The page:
Sundog Lit is a brand new online magazine (which I recently reviewed on Screen Reading) that quarterly publishes literary fiction, creative nonfiction, poetry, and hybrid works as well as occasional video, photography, and art. “We started this magazine because we were tired of quiet lit, stories where nothing happens and people stand around, idle, wondering about life instead of living it,” says Managing/Founding Editor Justin Lawrence Daugherty. “Our mission is to publish literature that scorches the earth. We don’t want quiet. We want it loud and incendiary.”

The name comes from an atmospheric phenomenon in which bright spots of light appear in the sky near the sun, sometimes making it seem as if the sun were wearing a halo. Daugherty says that this dual-sun image was perfect to describe their magazine, one in which was about both serious literature and about being “active, destructive, generating, and explosive.”

The editors aim to leave an imprint on their readers, allowing the literature to stick with them even after the internet browser is closed. Daugherty also expresses that readers will find a community of writers. “We promote work through our Friday Rex series, book-promotions such as in our current Texts Inspired by Robert Kloss' The Alligators of Abraham series.” In time, they hope to bring in more hybrid works and experimental essays, photography and art, contests, and themed issues.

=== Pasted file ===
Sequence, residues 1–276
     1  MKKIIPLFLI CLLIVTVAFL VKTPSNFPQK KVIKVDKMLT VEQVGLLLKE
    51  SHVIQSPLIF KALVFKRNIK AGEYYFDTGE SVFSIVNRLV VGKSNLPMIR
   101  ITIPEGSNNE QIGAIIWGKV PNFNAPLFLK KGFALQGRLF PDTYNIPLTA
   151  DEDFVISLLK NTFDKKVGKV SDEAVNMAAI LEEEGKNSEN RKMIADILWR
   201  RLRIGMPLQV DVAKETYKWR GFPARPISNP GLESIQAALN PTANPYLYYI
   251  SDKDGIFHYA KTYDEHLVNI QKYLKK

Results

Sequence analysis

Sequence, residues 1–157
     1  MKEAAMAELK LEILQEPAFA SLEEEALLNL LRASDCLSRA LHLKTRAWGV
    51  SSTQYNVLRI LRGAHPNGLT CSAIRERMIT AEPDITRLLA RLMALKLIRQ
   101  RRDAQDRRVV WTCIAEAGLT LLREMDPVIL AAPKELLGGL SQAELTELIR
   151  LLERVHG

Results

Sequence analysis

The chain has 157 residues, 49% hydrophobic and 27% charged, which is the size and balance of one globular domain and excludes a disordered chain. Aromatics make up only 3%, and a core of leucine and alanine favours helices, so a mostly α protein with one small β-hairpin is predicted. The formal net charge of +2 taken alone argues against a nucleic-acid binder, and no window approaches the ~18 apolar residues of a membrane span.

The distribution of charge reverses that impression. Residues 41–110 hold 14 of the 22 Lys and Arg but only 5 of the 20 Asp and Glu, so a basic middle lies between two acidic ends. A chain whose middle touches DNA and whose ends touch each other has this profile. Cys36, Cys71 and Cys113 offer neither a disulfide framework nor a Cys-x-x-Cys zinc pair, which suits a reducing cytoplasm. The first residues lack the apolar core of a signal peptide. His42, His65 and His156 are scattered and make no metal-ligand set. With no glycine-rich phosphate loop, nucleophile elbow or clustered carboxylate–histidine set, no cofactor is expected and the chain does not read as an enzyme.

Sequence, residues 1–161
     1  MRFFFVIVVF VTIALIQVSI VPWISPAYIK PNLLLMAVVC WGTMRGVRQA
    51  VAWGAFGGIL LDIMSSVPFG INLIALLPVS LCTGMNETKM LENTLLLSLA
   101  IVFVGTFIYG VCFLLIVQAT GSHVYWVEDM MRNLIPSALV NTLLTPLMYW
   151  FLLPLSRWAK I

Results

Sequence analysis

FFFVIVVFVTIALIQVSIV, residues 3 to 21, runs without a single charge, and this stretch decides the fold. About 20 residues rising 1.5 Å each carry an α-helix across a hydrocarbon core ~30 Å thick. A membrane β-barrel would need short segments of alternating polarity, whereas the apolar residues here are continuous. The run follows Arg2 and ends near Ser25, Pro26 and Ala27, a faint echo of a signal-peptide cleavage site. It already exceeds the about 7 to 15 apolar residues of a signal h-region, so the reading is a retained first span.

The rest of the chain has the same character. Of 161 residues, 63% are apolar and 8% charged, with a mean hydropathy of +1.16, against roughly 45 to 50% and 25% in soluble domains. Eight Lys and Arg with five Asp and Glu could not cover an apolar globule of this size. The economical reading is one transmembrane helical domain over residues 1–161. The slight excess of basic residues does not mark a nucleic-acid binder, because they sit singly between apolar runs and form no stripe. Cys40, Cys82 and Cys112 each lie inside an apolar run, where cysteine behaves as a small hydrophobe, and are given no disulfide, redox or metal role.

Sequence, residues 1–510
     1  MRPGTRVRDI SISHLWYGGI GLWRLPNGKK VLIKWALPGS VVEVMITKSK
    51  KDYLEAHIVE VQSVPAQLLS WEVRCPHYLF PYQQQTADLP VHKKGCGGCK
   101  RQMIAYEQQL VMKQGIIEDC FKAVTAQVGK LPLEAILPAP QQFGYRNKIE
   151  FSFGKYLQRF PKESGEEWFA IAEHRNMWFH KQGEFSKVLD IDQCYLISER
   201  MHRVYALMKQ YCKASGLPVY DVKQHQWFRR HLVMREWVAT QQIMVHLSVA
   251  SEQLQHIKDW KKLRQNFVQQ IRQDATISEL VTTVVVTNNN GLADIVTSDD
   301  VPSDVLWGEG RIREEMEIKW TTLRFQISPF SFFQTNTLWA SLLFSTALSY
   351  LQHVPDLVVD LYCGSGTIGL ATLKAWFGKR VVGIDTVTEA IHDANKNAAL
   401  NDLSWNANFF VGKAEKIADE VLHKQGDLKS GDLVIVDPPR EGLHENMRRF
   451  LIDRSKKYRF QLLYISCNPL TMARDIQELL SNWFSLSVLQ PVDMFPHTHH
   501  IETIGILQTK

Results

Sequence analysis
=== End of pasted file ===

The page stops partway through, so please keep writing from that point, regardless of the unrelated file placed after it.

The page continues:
The first issue includes fiction from Lindsay Hunter, Casey Hannan, Aaron Teel, Ryan Werner, Edward Hagelstein, Helen McClory, and Jesse Hertz; nonfiction from Matthew Gavin Frank, Laura Zak, and Will Kaufman; and poetry from Bianca Diaz, Sarah Wynn, Donald Parker, Jenna Lynch, Cameron Witbeck, Daniel Romo, Charles Rafferty, and Valentina Cano.

The deadline for the next issue is mid-January, and Sundog Lit accepts submissions through Submittable. The other editors of the magazine include Fiction Editor Mensah Demary, Nonfiction Editor Richard Hackler, Poetry Editors Zarah Moeggenberg and Amy Pajewski, and Website Design and Nonfiction Editor Cynthia Brandon Slocum.
Published October 29, 2012